IAC/InterActiveCorp is launching a contextual ad network to complement its existing search ad distribution network. It hopes the offering will become a viable alternative for publishers to Google’s AdSense network.
The ads, which will be incorporated into its Ask Sponsored Listings (ASL) platform, will launch at the end of May on several IAC-owned properties, such as Match.com, Ticketmaster, Evite and Citysearch. Ads will also appear on a few trusted publisher sites, most likely starting with some of the 90 publishers that syndicate Ask.com search results and search ads.
Mid-sized publishers are able to sign up for the program now, and a self-service platform for smaller publishers is expected later this year.
“We’re trying to solve the full equation for advertisers and publishers. Advertisers can expand their existing Ask Sponsored Listings campaigns with the same features, function, and control when they target the content network. For publishers, we’ve tried to differentiate it from what’s out there. We’ve talked to lots of publishers, including some IAC brands, to get a sense of what they’re looking for,” said Paul Vallez, head of Ask.com’s search marketing product division.
Ask.com is attempting to differentiate its offering by making it more transparent and user-friendly, Vallez said. For example, Ask.com will provide publishers with tools to tweak ads displayed on their sites to find a balance between ad relevance and page yield.
“We’re going to offer a lot more levers to let publishers manage the monetization of their sites,” he said.
A site like IAC’s Match.com, which makes the vast majority of its revenues on transactions, can dial down the page yield to improve relevance of ads displayed. That will keep the focus on the user experience, instead of incremental revenue from ads, he said. That way, usability of the site is not impacted, and there will not be an adverse affect on its transaction revenue.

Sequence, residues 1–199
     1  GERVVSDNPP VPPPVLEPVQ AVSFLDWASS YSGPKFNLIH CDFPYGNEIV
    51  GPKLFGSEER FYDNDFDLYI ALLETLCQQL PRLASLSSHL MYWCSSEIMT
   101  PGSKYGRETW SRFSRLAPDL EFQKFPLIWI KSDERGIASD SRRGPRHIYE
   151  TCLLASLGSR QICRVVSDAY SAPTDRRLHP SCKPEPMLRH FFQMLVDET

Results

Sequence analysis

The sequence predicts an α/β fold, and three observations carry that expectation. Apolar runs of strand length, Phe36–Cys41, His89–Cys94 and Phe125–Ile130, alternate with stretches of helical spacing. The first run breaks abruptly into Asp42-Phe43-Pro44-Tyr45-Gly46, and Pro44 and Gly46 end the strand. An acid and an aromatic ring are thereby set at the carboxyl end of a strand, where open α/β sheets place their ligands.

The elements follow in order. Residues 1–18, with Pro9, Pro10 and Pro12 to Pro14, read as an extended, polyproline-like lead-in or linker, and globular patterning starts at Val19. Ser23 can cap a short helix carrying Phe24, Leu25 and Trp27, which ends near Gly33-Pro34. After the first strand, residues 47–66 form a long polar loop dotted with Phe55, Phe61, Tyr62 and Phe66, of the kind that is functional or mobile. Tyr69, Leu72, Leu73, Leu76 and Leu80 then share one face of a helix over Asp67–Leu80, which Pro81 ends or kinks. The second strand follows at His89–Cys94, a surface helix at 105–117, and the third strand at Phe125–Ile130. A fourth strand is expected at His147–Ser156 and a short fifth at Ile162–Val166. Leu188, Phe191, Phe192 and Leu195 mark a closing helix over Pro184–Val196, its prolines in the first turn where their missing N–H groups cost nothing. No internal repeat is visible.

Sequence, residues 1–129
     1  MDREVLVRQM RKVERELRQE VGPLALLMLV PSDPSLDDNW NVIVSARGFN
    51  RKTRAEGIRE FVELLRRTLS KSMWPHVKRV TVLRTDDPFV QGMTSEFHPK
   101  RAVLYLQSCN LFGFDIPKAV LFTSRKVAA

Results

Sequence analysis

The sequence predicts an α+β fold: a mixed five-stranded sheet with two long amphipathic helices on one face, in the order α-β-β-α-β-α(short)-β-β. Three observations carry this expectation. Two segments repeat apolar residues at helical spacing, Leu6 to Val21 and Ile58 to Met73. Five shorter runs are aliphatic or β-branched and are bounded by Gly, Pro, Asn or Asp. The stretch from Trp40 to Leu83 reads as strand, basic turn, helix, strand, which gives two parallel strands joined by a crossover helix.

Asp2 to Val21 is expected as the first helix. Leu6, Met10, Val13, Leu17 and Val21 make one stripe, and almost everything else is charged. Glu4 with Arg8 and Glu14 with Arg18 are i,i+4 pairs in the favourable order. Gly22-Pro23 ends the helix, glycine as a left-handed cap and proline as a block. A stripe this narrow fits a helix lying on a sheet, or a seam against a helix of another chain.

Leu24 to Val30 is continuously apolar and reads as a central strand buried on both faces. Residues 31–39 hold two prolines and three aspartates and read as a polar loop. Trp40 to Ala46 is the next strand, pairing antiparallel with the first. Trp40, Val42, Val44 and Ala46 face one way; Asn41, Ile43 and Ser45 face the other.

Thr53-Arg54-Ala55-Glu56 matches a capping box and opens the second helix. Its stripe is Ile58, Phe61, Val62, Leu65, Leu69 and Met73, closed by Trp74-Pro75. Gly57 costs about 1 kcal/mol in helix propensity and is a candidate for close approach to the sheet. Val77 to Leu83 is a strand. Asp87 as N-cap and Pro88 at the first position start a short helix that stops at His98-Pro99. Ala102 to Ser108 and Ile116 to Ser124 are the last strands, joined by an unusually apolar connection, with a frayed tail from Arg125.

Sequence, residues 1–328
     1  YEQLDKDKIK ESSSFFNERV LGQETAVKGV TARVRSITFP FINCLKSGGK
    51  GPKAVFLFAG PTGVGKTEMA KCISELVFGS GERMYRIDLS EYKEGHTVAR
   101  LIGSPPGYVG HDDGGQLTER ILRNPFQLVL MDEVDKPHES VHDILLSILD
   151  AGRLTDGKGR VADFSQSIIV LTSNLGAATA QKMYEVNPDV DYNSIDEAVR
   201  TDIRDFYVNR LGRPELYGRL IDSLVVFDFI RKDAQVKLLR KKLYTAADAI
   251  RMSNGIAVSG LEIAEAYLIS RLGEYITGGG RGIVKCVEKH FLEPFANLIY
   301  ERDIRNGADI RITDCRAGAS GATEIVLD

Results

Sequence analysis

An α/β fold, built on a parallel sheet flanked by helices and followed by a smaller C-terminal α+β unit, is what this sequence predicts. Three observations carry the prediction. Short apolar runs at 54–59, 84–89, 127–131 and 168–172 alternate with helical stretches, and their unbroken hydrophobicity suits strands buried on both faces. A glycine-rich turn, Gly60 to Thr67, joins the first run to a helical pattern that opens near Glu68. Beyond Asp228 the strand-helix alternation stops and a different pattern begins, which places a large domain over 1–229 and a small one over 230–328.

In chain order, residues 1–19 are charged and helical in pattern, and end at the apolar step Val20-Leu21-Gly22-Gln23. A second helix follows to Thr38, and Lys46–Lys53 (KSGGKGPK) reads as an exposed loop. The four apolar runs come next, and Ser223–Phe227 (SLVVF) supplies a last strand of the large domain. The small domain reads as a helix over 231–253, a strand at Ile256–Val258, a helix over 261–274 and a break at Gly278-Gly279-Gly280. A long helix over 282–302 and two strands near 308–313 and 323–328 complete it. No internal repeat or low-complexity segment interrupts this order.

On the other hand, an ad-supported publisher’s site can dial up the page yield to make the most ad revenue. Ads will still be relevant, but are more broadly matched to the site content.
Ask.com is targeting mid-tier publishers with this offering, since most of the “mega-publishers” are locked up in ad deals already, said James Speer, GM of search marketing at IAC Advertising Solutions. These publishers want transparency into the revenue sharing model, and understand the value of their inventory, he said.
Ask.com has generally been more transparent with its search ad distribution partners, Speer said. Most of those relationships include an established revenue share defined up front, rather than the usual “black box” approach taken by Google, he said.
The transparency and control extends to the advertiser side as well, he said, with separate bids for contextual ads and site blocking capabilities, for example.
Ask.com has built out its account management teams to help publishers make the most of the controls put in place for the new network. Advertisers who spend more than $5,000 a month have access to Ask.com’s internal Search Engine Marketing (SEM) Services teams, while smaller publishers can benefit from the information Ask.com has published online.
The SEM Services teams help publishers adjust the page yield and relevance levers, customize the look and feel of ads, assert editorial control of ads and categorize pages for targeting.
The ASL program launchedin 2005, and was expanded last fall. It now includes more than 90 publisher partners showing ads from more than 30,000 advertisers. Ads are distributed in search results for sites like Lycos, Infospace, Mamma, Hakia and Eons.
Many of the ASL distribution partners also license Ask.com’s organic search results, and many are also expected to join the contextual ad network as well, Speer said. The integrated approach appeals to many publishers and advertisers, who want to manage campaigns across multiple platforms from the same interface, he said. IAC has seen the benefit of having a single advertising solutions sales team that sells media, search, and direct ads on its sites, he said.
Google has dominated the contextual advertising space with its AdSense network, but many publishers are not happy with the level of transparency offered in the revenue-share, or the control over ads that appear. But until another ad network can produce results better than AdSense, it will continue to lead.
Yahoo launched its contextual ad product, the Yahoo Publisher Network, two years ago, though it remains in beta and produces mixed results. Other companies offering contextual ad networks include Miva, Marchex’s IndustryBrains, ContextWeb and Quigo.
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